So, Who Is This Lord of Light, Anyway?

So, Who Is This Lord of Light, Anyway?

There are a few different religions that occupy the world in Game of Thrones. But unless we’re in for a major plot twist, the worship of R’hllor (also known as the Lord of Light), seems to be the most significant — it even has its own theme music. Most of the details about this religion come from the Song of Ice and Fire books. In case you haven’t read them, here’s a quick background on it as it relates specifically to the television show.

Who Worships the Lord of Light?

The Lord of Light is the most commonly worshipped god in Essos, the continent where Mereen is located. The religion is almost non-existent in Westeros, with only Melisandre and Thoros of Myr shown as priestess and priest of the religion, respectively. Of all of the religions in the show, it’s the only one that seems to fit with the events we see happening.

Thoros of Myr. Image from gameofthrones.wikia.com

“Darkness will fall heavy on the world. Stars will bleed. The cold breath of winter will freeze the sea, and the dead shall rise in the North,” Melisandre says the first time we see her.

Besides the stars bleeding and the seas freezing, this sermon seems to be pretty dead on. Many in Westeros refer to the “Long Night,” which is imminent with the coming of winter.

And the dead rising in the North? We’ve know that’s been happening since the first episode of the show.

The Prophecy

The religion’s hub is a city in the country of Essos called Asshai, which houses the ancient texts. The most important element of these texts is the prophecy of the return of Azor Ahai, a hero the followers of the Lord of Light believed forged a powerful sword by stabbing his wife in the chest. The sword, called Lightbringer, is said to make any enemy it touches burst into flame.

The prophecy says that Azor Ahai will return in the form of someone else and will ultimately use Lightbringer to bring an end to the Long Night. Hence the specific words of the prophecy, “The prince who was promised shall bring the dawn.”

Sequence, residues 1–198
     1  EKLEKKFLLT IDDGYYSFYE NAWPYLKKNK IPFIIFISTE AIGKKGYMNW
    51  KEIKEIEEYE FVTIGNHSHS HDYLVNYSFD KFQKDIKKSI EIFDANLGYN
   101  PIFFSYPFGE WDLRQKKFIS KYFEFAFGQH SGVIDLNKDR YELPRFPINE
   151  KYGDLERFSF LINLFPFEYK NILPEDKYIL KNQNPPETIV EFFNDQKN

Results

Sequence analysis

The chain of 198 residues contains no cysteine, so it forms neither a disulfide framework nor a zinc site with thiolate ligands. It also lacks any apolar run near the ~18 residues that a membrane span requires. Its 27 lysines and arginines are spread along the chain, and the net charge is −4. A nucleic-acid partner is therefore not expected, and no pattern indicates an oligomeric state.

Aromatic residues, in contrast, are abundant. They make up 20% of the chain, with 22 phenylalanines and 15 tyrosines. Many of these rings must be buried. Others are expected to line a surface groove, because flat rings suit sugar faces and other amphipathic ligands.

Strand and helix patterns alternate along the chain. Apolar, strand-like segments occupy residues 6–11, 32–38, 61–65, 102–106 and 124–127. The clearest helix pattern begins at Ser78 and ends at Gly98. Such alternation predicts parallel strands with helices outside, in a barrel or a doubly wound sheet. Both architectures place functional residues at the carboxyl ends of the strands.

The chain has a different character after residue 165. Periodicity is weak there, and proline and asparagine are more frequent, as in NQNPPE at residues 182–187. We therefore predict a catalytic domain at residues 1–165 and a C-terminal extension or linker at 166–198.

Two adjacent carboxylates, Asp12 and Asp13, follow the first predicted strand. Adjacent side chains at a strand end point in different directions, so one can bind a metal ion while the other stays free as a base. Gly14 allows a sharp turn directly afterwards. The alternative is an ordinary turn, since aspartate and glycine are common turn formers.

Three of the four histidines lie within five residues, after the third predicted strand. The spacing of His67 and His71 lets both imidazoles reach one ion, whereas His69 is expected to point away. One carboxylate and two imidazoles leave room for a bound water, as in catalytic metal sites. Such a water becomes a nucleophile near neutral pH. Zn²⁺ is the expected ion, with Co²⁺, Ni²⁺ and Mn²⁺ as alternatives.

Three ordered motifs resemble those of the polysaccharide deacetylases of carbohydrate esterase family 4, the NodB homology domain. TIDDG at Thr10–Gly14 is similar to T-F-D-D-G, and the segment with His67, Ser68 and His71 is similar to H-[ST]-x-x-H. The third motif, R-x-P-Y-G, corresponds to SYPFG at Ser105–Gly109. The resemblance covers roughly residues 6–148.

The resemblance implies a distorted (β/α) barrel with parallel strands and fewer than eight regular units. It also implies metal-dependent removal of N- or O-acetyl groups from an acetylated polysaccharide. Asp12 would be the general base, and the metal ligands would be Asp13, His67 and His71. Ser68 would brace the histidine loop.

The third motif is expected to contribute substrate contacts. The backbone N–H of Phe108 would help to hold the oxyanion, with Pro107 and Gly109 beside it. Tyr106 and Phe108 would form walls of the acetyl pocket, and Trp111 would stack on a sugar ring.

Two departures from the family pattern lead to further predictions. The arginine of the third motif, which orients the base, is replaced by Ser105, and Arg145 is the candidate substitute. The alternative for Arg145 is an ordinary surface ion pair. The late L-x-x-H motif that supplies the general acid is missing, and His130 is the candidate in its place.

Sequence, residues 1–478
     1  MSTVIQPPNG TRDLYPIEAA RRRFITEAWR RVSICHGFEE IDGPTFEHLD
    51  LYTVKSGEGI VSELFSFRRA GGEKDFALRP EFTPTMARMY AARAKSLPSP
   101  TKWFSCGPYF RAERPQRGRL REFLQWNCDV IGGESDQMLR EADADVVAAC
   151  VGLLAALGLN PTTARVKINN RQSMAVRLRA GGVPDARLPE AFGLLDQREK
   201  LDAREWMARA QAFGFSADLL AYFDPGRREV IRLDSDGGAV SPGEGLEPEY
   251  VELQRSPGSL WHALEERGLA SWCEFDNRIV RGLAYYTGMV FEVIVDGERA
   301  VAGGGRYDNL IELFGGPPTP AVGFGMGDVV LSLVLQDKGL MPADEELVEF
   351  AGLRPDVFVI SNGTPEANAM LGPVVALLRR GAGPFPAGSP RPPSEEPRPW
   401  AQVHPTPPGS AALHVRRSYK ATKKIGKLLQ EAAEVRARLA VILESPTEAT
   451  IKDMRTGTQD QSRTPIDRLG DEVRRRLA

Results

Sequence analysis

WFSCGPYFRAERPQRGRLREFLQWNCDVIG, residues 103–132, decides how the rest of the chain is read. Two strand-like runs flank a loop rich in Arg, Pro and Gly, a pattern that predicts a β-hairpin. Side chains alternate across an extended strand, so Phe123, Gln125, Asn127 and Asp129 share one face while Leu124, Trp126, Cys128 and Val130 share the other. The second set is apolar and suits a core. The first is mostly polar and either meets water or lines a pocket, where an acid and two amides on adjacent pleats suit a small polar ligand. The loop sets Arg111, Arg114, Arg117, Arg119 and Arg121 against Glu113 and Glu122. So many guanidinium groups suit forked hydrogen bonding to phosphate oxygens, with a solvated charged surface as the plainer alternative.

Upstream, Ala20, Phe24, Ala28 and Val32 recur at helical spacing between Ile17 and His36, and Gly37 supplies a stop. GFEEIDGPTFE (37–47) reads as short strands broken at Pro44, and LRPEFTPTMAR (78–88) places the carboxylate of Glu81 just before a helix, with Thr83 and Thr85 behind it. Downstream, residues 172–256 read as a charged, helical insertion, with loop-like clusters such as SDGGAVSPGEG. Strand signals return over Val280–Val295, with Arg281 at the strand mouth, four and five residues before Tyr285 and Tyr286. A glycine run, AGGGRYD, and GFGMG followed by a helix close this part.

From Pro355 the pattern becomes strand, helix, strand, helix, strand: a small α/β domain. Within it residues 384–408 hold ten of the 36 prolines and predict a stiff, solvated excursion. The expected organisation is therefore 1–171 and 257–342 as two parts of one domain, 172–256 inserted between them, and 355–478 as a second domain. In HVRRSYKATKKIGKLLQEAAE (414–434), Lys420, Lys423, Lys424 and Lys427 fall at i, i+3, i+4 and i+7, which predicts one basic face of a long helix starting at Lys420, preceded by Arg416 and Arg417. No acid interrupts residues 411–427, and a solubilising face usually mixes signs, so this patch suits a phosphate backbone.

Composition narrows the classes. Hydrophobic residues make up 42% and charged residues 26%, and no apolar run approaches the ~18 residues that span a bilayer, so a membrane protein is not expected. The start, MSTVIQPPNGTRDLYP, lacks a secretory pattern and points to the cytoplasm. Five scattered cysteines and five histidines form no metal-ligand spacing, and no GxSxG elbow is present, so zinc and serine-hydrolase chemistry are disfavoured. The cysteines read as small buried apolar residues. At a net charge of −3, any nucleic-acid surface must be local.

Melisandre. Image from gameofthrones.wikia.com

One of the most fun things in regards to the show, in my opinion, is trying to figure out who the reincarnation of Azor Ahai is, if the prophecy proves true. The first time we hear about the prophecy is from Melisandre, who initially claims Stannis is Azor Ahai, but we know that’s totally not true.

The front runners in this game (no pun intended) are Daenerys and Jon, each of whom fit some of the criteria of the prophecy as we know it. Jon has been resurrected, while Dany’s immunity to fire could also be interpreted as a resurrection (sort of). Jon has a very special sword. It’s the only named sword we’ve seen throughout the entirety of the series and we know it kills White Walkers. Could Longclaw actually be Lightbringer? We’ve never seen Dany use any weapon besides her dragons, so that part of the prophecy doesn’t seem to apply to her.

Perhaps their alleged child will be the savior?

Magic

Regardless of whether any of these stories are true, we know that at least some of the magic of the religion is very real. Thoros of Myr resurrects Beric Dondarrion multiple times. Kinvara, the priestess who helps to keep the peace in Mereen knows exactly what happened to Varys as a child. Melisandre has drank poison, given birth to some kind of shadow monster, revealed that she’s a whole lot older than she seems, and resurrected Jon Snow.

The show runners could just decide the religion means nothing after all, but it will be interesting to see what part it plays in the closing of the show.

Nicole is a geeky mom, aspiring novelist, and lover of all things gaming. She’s spent more than 15 years talking about video games, so it’s only natural that she’s turned her attention to a different “game.” Nicole loves the opportunity to geek out about Game of Thrones. (She needs something to do while waiting for the next season.)

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